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Bridging Intimacy and Empowerment: A Conversation with Seema Anand"

In a captivating evening at the Park at Somajiguda, Seema Anand, a master storyteller, mythologist, and sexual health educator, mesmerized a room filled with women from the FICCI Ladies Association (FLO). The event, hosted by FLO, centered around an intriguing session titled "The Art of Storytelling—Bridging Intimacy and Empowerment."





Ritu Shah, the Chairperson of FLO, introduced Seema Anand as a storyteller who breathes life into her narratives. "Today she is with us to have a conversation on one of the rarest subjects of discussion in an open session like this," remarked Ritu Shah. The focus of the session was on the Kamasutra, an ancient Indian text on sexuality and eroticism, a subject often treated with hesitancy.



Seema Anand, based in London, expressed her passion for the erotic literature of ancient India, particularly the Kamasutra. "My interest arose in Kamasutra some 23 years ago. It is the most exciting subject. I am still enjoying studying it. My objective today is to foster safe and honest conversations and relationships on the subject we love to hate and hate to love," she shared.





While acknowledging that 'sex' is often discussed in a hushed manner, Seema Anand aimed to demystify the misconceptions surrounding the Kamasutra. Contrary to popular belief, she emphasized that it is not merely a sex manual or a guide to positions; instead, it delves into the art of living well, the nature of love, and aspects of the pleasure orientation of human life.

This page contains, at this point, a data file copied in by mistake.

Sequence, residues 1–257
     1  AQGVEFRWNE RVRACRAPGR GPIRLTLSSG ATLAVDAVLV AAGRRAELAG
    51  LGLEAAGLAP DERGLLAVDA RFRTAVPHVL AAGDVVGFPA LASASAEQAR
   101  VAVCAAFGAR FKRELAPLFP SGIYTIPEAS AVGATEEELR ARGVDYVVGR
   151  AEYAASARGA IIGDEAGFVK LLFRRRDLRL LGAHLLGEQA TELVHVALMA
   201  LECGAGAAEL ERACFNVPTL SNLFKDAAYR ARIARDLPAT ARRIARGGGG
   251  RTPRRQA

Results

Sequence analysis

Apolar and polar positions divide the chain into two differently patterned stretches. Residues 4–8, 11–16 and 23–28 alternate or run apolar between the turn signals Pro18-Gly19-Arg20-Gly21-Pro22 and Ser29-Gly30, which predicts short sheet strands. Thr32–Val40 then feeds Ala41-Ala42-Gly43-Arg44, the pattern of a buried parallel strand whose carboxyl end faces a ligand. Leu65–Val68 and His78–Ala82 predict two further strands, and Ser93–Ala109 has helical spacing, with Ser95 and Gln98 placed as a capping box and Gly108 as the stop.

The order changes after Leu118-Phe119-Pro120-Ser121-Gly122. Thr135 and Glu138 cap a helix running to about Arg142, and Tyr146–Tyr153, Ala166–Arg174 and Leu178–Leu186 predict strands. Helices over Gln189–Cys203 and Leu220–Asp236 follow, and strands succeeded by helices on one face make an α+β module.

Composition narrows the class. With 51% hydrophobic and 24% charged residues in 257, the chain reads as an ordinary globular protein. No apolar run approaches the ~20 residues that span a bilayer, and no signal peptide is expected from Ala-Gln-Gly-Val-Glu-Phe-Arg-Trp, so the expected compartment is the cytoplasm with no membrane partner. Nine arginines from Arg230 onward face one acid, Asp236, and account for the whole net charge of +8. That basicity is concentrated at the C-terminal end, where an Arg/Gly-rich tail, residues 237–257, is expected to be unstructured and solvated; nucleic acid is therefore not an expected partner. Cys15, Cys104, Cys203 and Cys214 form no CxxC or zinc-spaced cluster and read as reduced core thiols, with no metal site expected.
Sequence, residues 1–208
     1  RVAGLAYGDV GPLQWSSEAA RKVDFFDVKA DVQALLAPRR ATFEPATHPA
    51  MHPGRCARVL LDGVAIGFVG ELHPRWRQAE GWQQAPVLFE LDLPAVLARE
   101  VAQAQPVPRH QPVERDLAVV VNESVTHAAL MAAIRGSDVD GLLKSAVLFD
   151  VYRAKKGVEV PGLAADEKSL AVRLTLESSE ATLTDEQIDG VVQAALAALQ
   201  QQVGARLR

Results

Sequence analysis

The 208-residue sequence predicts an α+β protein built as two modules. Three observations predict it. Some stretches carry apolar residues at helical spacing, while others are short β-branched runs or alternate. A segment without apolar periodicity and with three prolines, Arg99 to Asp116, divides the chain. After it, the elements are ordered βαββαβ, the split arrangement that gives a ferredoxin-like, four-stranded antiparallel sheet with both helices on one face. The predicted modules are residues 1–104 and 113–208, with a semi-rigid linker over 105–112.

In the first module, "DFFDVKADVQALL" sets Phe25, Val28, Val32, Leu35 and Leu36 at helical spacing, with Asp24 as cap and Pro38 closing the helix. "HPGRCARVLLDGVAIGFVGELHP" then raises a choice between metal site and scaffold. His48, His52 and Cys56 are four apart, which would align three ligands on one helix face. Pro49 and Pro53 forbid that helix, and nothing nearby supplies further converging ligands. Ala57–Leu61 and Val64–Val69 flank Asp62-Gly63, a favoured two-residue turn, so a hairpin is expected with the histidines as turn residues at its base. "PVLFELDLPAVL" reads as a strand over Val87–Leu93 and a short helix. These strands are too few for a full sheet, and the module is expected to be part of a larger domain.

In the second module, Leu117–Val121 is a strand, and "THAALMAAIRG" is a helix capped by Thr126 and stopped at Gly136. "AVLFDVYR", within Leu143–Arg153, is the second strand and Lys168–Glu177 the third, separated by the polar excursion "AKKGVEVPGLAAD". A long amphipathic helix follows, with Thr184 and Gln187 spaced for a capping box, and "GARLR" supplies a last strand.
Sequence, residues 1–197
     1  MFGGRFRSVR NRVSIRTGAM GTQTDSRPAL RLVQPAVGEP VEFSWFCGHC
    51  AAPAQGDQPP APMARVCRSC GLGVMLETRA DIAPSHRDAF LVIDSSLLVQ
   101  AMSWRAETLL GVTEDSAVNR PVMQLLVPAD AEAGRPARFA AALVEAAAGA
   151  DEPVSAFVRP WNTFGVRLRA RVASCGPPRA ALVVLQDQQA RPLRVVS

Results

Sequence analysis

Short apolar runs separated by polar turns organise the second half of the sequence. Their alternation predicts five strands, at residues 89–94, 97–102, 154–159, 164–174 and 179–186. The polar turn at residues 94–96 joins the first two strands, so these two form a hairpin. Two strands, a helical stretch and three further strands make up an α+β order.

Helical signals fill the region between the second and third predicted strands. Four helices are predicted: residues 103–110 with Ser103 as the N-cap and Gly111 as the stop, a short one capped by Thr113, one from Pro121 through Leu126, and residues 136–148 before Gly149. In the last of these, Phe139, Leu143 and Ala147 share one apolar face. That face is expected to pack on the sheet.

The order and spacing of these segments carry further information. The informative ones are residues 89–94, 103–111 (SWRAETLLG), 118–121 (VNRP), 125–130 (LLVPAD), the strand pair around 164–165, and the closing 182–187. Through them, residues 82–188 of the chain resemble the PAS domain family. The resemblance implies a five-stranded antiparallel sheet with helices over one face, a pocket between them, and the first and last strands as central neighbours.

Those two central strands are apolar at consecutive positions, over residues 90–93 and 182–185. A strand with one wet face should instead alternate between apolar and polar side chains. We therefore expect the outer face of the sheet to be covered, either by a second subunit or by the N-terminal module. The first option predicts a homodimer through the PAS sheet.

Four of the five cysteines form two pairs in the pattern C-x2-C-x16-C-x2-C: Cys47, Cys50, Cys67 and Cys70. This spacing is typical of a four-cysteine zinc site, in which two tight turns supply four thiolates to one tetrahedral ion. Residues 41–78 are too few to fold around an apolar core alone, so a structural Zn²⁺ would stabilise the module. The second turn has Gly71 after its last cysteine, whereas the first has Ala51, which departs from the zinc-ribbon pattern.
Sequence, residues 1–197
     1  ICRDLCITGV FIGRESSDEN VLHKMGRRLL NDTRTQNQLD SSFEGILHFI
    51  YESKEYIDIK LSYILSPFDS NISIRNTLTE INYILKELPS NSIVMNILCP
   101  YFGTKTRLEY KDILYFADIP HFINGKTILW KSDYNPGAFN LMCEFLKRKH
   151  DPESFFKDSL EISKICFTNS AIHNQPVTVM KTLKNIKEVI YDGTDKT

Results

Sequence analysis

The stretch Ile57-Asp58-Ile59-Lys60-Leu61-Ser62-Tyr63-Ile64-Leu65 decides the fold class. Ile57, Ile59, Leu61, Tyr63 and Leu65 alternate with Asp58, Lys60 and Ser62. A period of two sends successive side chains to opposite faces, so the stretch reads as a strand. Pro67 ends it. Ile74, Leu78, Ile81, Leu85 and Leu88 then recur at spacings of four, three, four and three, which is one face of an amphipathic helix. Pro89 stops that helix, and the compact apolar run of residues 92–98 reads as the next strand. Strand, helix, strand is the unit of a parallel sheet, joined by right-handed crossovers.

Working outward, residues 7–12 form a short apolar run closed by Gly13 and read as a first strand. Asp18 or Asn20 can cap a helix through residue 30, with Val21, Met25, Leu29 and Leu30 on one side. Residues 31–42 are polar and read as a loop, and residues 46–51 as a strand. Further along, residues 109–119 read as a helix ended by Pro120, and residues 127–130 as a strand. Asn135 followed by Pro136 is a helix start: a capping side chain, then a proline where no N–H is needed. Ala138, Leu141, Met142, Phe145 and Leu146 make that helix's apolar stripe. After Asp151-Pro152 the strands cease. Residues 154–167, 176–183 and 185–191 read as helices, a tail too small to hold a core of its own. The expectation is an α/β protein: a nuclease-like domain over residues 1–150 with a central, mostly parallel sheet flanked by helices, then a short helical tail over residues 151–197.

Highlighting the seven chapters of the Kamasutra, Seema focused on the second chapter on sexual union, exploring its insights into both men and women. "This chapter talks about sexual content, various sexual acts, embracing and kissing, grabbing, etc.," she explained. According to Seema, the balance of the universe lies in the pleasure of women.



Challenging the stigma around the word 'sex,' Seema questioned why it is often considered a dirty term, suggesting that it shouldn't be so. Drawing attention to the historical context of the Kamasutra, she revealed intriguing details about how lovers communicated in the absence of modern messaging platforms, such as conveying love and romance through paan (an Indian after-dinner treat).



Seema Anand concluded her enlightening conversation by asserting, "Sex is like even if it is bad, it is good." The session, organized to dispel myths surrounding the Kamasutra, showcased Seema Anand's expertise as a Ph.D. holder in Narratology, focusing on the study of narrative and storytelling. With a background in researching and teaching mythology, its relevance to contemporary life, and its impact on the psychology of relationships and sexuality, Seema Anand emerged as a prominent speaker, debunking misconceptions and unravelling the secrets of the ancient Indian text on sexuality and eroticism.

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